Chapter

Death as Incapacitation

Matthew H. Kramer

in The Ethics of Capital Punishment

Published in print December 2011 | ISBN: 9780199642182
Published online January 2012 | e-ISBN: 9780191732188 | DOI: http://dx.doi.org/10.1093/acprof:oso/9780199642182.003.0004
Death as Incapacitation

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This chapter examines the incapacitative justification of capital punishment. The central idea in that rationale is that thugs who are strongly disposed to engage in savage murders are too dangerous to be kept alive. Given the strongly consequentialist character of the incapacitative line of thought, it suffers from many of the same weaknesses which afflict other consequentialist approaches to the death penalty. Like retributivism, moreover, the incapacitative approach runs afoul of the Minimal Invasion Principle.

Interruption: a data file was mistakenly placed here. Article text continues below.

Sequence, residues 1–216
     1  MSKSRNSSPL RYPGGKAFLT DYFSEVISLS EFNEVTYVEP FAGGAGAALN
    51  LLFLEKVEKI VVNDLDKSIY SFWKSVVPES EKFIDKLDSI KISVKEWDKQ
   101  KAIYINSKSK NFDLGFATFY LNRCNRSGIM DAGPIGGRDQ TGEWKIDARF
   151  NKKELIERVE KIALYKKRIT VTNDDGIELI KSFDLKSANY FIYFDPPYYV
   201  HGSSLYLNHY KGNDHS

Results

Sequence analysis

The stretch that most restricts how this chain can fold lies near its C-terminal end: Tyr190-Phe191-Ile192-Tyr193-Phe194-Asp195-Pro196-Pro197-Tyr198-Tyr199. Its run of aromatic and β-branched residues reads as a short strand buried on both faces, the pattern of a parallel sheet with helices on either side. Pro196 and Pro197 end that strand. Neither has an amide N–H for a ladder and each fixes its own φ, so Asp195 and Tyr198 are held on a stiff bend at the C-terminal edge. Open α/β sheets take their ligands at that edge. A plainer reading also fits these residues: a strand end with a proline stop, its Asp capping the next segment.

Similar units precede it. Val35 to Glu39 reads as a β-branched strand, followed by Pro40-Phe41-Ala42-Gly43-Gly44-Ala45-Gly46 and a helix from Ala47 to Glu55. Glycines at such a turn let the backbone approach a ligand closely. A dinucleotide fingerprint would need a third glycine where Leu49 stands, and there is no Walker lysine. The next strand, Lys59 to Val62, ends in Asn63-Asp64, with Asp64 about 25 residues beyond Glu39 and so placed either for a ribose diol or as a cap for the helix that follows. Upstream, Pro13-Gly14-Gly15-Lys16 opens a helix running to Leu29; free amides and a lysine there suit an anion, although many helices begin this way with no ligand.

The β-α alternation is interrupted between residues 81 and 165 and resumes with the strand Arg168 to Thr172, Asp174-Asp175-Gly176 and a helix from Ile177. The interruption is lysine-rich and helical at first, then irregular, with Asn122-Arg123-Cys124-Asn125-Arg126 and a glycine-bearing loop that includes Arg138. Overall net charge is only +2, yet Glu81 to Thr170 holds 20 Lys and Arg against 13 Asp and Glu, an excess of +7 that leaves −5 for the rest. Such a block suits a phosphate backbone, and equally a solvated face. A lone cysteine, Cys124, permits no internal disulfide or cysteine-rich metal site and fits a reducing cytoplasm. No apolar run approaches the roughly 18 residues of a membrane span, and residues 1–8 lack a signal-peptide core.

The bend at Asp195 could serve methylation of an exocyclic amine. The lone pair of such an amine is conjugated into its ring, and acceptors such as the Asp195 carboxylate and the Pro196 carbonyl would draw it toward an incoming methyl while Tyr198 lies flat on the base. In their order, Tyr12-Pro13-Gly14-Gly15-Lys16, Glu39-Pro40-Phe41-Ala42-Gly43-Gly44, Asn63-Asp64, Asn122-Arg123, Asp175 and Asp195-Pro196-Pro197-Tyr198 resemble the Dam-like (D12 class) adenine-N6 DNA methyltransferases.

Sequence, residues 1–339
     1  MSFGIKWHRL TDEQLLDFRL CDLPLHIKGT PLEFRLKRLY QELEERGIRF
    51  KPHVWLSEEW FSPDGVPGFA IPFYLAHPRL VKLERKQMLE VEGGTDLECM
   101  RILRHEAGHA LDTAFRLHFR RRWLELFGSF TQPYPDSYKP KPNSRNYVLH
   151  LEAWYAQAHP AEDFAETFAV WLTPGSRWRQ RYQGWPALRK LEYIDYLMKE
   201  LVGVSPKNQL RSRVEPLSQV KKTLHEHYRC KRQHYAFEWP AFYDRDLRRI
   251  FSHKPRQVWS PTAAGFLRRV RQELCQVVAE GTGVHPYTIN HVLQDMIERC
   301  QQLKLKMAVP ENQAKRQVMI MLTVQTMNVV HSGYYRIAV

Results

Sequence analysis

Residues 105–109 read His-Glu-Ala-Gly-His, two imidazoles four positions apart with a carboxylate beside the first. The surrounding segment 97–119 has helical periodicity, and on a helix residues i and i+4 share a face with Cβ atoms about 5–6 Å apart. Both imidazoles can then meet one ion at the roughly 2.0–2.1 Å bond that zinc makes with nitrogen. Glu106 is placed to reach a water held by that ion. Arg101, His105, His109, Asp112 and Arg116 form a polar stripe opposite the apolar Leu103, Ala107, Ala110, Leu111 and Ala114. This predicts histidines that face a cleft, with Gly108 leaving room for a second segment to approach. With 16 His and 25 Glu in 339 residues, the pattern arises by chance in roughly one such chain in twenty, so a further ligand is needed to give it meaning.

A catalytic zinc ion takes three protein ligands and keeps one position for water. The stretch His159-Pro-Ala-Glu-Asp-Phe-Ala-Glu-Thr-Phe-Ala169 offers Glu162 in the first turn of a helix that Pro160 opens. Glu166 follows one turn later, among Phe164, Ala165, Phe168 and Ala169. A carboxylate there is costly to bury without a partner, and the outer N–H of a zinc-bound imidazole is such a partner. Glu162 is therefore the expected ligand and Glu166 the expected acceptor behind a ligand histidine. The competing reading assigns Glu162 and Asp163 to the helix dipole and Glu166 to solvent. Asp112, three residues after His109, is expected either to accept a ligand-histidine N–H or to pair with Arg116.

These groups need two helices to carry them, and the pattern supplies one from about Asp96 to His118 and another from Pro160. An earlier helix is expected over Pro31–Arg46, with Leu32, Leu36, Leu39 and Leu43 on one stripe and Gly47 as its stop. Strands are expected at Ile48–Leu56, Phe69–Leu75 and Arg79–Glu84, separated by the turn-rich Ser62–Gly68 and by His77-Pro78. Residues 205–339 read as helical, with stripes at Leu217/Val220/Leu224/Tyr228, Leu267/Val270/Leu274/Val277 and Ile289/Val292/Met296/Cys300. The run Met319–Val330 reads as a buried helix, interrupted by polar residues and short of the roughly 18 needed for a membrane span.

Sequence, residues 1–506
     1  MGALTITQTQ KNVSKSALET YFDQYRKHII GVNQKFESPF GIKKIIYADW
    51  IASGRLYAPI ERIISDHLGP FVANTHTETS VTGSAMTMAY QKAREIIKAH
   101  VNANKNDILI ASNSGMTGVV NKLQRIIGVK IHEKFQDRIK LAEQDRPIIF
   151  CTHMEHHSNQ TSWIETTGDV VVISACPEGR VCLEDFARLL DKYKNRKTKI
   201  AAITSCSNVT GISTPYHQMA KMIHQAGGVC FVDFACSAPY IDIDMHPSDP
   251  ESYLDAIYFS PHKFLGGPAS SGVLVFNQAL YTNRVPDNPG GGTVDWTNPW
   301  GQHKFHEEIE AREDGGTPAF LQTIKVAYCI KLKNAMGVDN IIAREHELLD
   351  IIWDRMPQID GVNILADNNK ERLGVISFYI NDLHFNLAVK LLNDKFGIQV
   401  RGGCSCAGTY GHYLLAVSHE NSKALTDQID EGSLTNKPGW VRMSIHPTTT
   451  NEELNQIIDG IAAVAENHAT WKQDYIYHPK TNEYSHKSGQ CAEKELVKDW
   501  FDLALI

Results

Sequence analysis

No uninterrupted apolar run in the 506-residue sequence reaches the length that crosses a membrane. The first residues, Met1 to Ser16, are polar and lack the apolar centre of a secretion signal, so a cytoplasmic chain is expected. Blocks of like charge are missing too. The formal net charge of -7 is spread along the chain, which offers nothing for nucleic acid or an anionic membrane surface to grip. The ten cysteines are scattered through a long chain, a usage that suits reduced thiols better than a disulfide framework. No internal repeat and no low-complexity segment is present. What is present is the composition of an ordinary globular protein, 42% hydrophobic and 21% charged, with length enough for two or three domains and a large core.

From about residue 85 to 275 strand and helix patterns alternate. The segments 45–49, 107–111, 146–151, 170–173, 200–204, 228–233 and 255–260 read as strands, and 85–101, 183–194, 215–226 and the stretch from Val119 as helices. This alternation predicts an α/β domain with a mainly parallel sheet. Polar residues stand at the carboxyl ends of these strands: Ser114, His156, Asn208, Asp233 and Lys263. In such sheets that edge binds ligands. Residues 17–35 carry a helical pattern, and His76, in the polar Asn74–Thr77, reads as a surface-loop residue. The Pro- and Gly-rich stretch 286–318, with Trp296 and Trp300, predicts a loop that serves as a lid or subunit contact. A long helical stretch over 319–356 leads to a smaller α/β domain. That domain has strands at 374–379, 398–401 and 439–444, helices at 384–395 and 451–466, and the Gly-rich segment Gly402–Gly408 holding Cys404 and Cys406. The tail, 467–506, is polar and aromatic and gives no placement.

Keywords: incapacitation; consequentialism; punishment; Minimal Invasion Principle; savage murders

Chapter.  8150 words. 

Subjects: Criminal Law

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